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Initial release: December 11, 2013 (UK)
Director: Peter Jackson
Prequel: The Hobbit: An Unexpected Journey
Sequel: The Hobbit: There and Back Again

Cast: Martin Freeman (Bilbo Baggins), Benedict Cumberbatch (Smaug), Ian McKellen (Gandalf), Orlando Bloom (Legolas), Richard Armitage (Thorin Oakenshield), Ken Stott (Balin), Graham McTavish (Dwalin), Evangeline Lilly (Tuarial).

DesolationofsmaugSmaug (Benedict Cumberbatch)
DesolationofsmaugGandalf the Grey (Ian McKellen)
DesolationofsmaugLegolas (Orlando Bloom)
DesolationofsmaugThorin Oakenshield (Richard Armitage)Desolationofsmaug Bard the Bowman (Luke Evans)
Desolationofsmaug
Tuarial (Evangeline Lilly)

The second part to Peter Jackson’s Lord of the Rings prequel is upon us, picking up from where The Hobbit: An Unexpected Journey picked off, The Desolation of Smaug features the journey of Bilbo Baggins, Gandalf the Grey, Thorin Oakensheild and their dwarven company as they make their journey to reclaim the lonely mountain, featuring wondrous worlds set within the gorgeous lands of New Zealand, he Hobbit: The Desolation of Smaug is a marvel to look at.

The problem with the film is that it could be seen by some as a simple filler, built only for the purpose of building support and a cash some prior to the third films real ease, The Desolation of Smaug is a lengthy time investment that could have easily been trimmed.

Upon first announcing their intention to make up to three films out of The Hobbit (which isn’t an entirely long read in the book form), there was an argument that the trilogy would just be a major cash grab by Warner Bros. Pictures, An Unexpected Journey was seen by many critics as too long, with only a few memorable moments, and the film did not meet up to the awesomeness that was The Lord of the Rings series.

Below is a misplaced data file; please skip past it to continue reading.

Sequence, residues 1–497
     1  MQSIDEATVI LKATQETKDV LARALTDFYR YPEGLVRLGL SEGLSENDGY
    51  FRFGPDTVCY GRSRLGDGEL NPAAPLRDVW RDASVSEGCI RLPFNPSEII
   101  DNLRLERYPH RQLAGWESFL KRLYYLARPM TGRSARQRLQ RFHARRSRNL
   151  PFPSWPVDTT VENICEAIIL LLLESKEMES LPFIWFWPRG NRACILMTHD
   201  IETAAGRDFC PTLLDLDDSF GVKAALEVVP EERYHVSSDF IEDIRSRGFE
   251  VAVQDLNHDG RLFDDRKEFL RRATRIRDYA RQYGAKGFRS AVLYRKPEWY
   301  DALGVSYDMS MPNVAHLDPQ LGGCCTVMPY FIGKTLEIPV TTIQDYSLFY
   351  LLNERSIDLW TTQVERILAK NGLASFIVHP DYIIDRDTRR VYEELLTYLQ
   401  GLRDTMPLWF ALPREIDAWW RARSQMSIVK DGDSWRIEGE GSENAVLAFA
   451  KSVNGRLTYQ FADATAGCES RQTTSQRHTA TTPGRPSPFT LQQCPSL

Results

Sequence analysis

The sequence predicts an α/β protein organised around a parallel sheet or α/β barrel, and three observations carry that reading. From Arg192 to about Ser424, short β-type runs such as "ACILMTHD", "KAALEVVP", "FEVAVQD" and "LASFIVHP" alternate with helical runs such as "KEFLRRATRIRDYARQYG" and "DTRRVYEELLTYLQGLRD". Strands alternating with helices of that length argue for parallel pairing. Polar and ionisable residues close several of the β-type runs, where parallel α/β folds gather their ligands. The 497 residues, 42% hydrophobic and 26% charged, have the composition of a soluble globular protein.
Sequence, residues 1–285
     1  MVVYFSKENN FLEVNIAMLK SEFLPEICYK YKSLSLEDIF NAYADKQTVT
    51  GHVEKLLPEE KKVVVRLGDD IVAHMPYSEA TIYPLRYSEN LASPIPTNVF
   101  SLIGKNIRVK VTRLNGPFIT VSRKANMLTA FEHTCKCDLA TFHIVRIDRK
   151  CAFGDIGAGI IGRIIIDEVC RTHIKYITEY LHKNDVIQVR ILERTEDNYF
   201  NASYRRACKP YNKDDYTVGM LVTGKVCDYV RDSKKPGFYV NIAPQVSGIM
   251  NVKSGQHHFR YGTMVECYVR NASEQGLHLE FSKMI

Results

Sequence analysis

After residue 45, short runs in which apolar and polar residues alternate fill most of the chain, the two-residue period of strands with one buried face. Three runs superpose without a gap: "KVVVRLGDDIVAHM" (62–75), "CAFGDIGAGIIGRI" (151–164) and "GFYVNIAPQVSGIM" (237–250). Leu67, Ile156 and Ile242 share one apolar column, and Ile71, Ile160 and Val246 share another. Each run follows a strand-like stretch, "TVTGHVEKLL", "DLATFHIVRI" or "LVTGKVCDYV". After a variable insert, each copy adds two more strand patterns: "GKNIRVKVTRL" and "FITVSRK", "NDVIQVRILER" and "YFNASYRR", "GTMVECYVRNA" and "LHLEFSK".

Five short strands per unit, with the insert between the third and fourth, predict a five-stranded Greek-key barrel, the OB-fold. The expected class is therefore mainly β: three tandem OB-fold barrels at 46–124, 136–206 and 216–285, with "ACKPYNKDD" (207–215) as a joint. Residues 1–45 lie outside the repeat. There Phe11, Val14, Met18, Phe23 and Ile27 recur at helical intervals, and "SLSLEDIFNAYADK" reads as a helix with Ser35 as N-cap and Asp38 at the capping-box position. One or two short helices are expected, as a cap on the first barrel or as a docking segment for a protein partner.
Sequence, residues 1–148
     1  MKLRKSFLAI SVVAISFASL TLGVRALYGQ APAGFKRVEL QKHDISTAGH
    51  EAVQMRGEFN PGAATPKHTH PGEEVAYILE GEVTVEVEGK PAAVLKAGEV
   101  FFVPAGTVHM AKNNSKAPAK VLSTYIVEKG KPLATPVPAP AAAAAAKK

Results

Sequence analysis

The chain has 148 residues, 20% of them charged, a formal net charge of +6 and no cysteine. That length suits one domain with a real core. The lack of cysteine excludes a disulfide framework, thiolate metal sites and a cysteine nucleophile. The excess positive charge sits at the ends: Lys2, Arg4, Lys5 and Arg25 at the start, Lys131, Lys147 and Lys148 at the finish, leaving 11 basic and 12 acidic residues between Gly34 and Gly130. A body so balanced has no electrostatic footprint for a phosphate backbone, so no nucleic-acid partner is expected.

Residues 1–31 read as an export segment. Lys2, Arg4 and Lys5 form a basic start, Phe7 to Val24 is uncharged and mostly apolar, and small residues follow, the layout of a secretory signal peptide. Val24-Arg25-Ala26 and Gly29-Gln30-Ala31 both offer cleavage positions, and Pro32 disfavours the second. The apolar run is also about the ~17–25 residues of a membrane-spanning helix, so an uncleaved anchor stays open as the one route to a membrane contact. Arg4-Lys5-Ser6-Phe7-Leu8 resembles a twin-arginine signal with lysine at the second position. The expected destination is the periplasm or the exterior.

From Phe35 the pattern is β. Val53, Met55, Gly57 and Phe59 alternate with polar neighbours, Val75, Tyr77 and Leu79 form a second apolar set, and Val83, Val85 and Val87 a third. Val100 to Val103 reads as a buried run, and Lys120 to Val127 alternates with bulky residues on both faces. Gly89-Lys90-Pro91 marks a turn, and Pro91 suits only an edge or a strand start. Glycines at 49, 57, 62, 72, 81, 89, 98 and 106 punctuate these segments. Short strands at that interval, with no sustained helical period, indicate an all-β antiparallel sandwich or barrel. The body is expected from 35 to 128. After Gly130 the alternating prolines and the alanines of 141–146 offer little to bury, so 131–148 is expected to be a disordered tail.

Thankfully The Desolation of Smaug doesn’t feature much of the same problems (some are still noticeable), with a larger and more tightly woven storyline, featuring a great mix of both action and comedy, Jackson has thankfully learnt from the last film, removing the 45 minute wait for a story, and kicking it off straight into the action. The problem is that these great moments are far too few, with scenes of the characters simply traveling across a field, it can often be hard to justify the near to three-hour running time.

However the investment of time is not one that I would say was unenjoyable, with implementations of various fan-favourite characters from Middle-earth, as well as a few connections to The Lord of the Rings storyline, you will definitely find yourself at home with The Desolation of Smaug.

The film follows on from the story of An Unexpected Journey, as Bilbo Baggins (Martin Freeman) and the rest of his 13 dwarven company take a journey towards the Lonely Mountain, led by Thorin Oakenshield (Richard Armitage) and Gandalf (Ian McKellen), the group seek to return Thorin back to his rightful place as king under the mountain, however it’s not quite as easy as that, pursued by a horde of Orcs, they must fight to take back the Arkenstone from Smaug (the dragon that originally drove the dwarves from their home and fortunes over 150 years ago), whom still sleeps within the walls of the Lonely Mountain, guarding the treasures of its original desolation.